Agatha followed her down a long, bright hallway past several doorways that had pool-themed cutouts taped above the peepholes. Written in sharpie on paper sunglasses and palm trees were names like Sophia, Molly, and Jade. Agatha had lived in a residence hall for her freshman year at Amherst, but then she moved into one of the Amherst Houses, which felt more like a boarding house than it did a residence hall. Evidently, aside from her own age and the trend in baby names, everything else had stayed and smelled the same.

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    "Is this okay?" Millie led Agatha into a tiny room with white walls and speckled tile floors. Near the door, a tall stool held a landline phone. There was a tilt and turn window at the far end, and in the center was a circular table and five chairs. Agatha was certain that whatever website boasted Belgrade Dormitory, and probably Millie herself, referred to this room as something like The Resident Lounge or Media Center.

    "This is perfect," she said, and she meant it. There was a gentle tug of wholesomeness and she liked the lack of pretension. Millie removed a Post-it from the wall. Reserved from 8-8:45. Xo Millie.

    "You're welcome to sit in," Agatha said, "If weddings are a thing you're into."

    "Oh, no. I can't," Millie said. She swiped at the table; pushed crumbs onto the floor. "I have to do rounds in a minute. Oh wow, that's so nice of you."

    She was referring to the items Agatha removed from her bag. A six-pack of lemon La Croix. A cutting board and knife in a gallon Ziploc bag. Two blocks of Manchego cheese. Raw almonds. A red apple and a flecked orange.

    "Yeah? You think this will be okay?"

    "Oh, for sure. They like anything free. I'm gonna grab them unless you need a minute."

    Agatha pushed a chair toward the window. "No, that's fine. I'm ready now."

    Millie left the room, but very quickly, she was back. The crumpled reservation post-it was still in her hand. "Do you mind what they call you?"

    Agatha leaned forward on her arms.

    "Do you prefer Miss Agatha? Or—sorry. Professor?"

    "Oh. No no," she laughed. "Agatha is just fine."

    Agatha's first real writing assignment had been a campsite review, when, at twenty-five years old, she drove a rental car to six different states. In Georgia, she started a fire without matches. In Louisiana she was bitten by a dog in her lower thigh (she gave herself two temporary stitches to hold the wound closed). And here, in the Ozarks, she started writing her first book. She spent two nights each in Devil's Den, Mount Magazine State Park, and Tyler Bend.

    Perhaps it was silly to feel a connection toward a state she'd only spent six nights in, where she'd talked to less than four people, but this appreciation, however dormant it had been for thirteen years, was considerable enough to make her submit a recent change of address.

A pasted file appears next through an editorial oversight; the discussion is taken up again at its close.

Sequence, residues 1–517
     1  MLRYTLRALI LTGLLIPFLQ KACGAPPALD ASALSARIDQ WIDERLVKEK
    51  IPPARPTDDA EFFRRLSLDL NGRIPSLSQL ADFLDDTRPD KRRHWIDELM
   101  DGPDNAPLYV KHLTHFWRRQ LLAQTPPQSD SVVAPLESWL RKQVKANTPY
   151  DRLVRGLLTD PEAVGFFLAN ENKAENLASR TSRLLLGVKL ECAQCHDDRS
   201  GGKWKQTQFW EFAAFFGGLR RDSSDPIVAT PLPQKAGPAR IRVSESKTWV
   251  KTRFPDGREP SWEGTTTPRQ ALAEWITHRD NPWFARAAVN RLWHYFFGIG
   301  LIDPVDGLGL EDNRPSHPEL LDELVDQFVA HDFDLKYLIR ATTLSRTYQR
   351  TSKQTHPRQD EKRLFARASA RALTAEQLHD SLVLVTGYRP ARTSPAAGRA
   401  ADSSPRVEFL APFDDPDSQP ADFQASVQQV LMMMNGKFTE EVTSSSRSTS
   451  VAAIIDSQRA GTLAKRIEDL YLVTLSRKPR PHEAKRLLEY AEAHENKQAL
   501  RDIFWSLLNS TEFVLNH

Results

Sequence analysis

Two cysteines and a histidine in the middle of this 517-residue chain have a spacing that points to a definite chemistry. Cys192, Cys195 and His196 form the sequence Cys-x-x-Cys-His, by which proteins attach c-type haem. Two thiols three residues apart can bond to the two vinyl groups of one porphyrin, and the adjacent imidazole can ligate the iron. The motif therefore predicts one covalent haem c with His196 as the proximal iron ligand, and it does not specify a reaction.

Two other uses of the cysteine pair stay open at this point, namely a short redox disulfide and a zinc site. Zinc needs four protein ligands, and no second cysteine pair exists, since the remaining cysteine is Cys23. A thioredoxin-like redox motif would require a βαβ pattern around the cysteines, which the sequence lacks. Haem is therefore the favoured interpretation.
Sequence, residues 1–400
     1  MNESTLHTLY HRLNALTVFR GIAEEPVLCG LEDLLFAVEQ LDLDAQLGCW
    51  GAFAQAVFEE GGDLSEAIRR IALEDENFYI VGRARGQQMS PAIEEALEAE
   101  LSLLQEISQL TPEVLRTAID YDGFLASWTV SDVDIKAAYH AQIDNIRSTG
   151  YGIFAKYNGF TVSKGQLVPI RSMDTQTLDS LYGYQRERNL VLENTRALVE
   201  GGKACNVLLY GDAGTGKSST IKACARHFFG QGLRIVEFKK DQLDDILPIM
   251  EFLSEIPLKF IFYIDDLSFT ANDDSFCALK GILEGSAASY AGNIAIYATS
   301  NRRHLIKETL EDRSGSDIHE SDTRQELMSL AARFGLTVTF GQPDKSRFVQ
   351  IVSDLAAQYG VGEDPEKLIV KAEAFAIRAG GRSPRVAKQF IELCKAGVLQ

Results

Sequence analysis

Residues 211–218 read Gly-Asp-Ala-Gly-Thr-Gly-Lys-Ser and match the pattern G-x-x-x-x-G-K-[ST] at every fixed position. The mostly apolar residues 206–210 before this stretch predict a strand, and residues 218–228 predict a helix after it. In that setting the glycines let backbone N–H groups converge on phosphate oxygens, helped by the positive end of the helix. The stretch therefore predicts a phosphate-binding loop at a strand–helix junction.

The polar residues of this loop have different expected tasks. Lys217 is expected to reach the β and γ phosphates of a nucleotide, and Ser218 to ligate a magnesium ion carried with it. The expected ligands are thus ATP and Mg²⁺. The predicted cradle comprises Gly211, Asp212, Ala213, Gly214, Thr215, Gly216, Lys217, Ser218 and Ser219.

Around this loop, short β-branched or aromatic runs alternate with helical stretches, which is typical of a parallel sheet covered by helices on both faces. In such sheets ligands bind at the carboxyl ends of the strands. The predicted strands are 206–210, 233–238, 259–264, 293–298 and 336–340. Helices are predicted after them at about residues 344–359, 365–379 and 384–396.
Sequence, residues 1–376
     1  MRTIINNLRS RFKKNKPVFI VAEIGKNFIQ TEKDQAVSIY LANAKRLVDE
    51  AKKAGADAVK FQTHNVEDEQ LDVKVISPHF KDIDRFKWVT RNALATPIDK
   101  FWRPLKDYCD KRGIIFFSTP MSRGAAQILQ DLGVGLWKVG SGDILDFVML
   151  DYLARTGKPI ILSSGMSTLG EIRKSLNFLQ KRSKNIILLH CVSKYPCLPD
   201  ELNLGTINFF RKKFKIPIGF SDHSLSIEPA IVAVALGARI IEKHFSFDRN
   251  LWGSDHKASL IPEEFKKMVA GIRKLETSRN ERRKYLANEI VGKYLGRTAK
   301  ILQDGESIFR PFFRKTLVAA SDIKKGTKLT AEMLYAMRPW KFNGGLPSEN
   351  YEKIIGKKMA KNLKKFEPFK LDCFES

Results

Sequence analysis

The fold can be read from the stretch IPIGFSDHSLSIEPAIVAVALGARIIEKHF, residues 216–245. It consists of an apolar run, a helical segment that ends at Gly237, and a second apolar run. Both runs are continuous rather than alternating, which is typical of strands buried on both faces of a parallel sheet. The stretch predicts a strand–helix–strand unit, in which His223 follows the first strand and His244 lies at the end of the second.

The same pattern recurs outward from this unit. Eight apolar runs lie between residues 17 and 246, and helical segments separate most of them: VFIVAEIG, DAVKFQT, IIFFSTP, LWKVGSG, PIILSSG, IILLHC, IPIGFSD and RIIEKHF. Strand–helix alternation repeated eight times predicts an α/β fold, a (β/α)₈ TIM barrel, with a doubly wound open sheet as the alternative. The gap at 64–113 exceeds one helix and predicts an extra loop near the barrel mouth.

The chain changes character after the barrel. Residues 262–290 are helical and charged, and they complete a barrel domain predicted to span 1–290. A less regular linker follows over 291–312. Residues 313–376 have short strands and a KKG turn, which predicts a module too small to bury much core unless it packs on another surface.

Fayetteville, Arkansas, had a screensaver, campus visit, Scholastic Book Fair beauty to it. There was a thirty-six-mile bike trail called the Frisco Trailway that crossed a stream not too far from Agatha's home. It was spotted with overly courteous biking couples (On your right, ma'am. Thanks so much.).

    Every Saturday morning in the town square was quite possibly the cutest farmers' market Agatha had ever seen. She walked with a weekend pace, drank iced coffee, and bought eggs the color of wet sand. One Saturday, she spotted a little bakery that said, 'Stop in for a bloody,' on a chalkboard outside. The young man behind the counter said, "Would you like a to-go cup?" Agatha smiled under her sunglasses. "Yes. That would be great."

    She lived rent-free in a two-story, three-bedroom house that belonged to a professor on sabbatical. The house sat on a grassy hill at Wilson Park; a large block of green with a basketball court, tennis courts, two playgrounds, and a winding walking path.

    The park, and Fayetteville in general, was teeming with hills and trees. In many of the latter were thick webs carefully stitched into the branches with Gothic little worms that writhed in the shade. Agatha's street was filled with enchanting homes and people much like her: academics, liberal-seeming couples, families affiliated with the university.

    Two blocks behind her home was sorority row. Brassy-looking houses with porches, columns, and stairs, all created with group photos in mind. There were often cars parked along her street with bumper stickers of Greek letters in white. Inside, through the windows, Agatha saw Target bags and paisley duffels. Tangled leggings in the backseats. Diet Dr. Pepper cans.

    Agatha's previous trip to Arkansas came with the realization that she was very good at being alone. But this time, after three years in a relationship—now broken up in practice yet still married on paper—the act of experiencing a new place, however bucolic and convenient, was mostly grim and sobering. Agatha poured the almonds into a small glass bowl and laid out two wedding magazines on the table.

    She sliced the orange into eight slivers. She took one of the La Croixs, wished it was colder, and popped it open. Being alone in a new college town was kind of like watching the local news in a hotel room. With someone else it could be amusing and fun. By yourself, it was a little depressing.

    ***************************

    From "Come and Get It" by Kiley Reid. Copyright ? 2024 by Kiley Reid. Reprinted by permission of GP Putnam's Sons an imprint of Penguin Publishing Group, a division of Penguin Random House LLC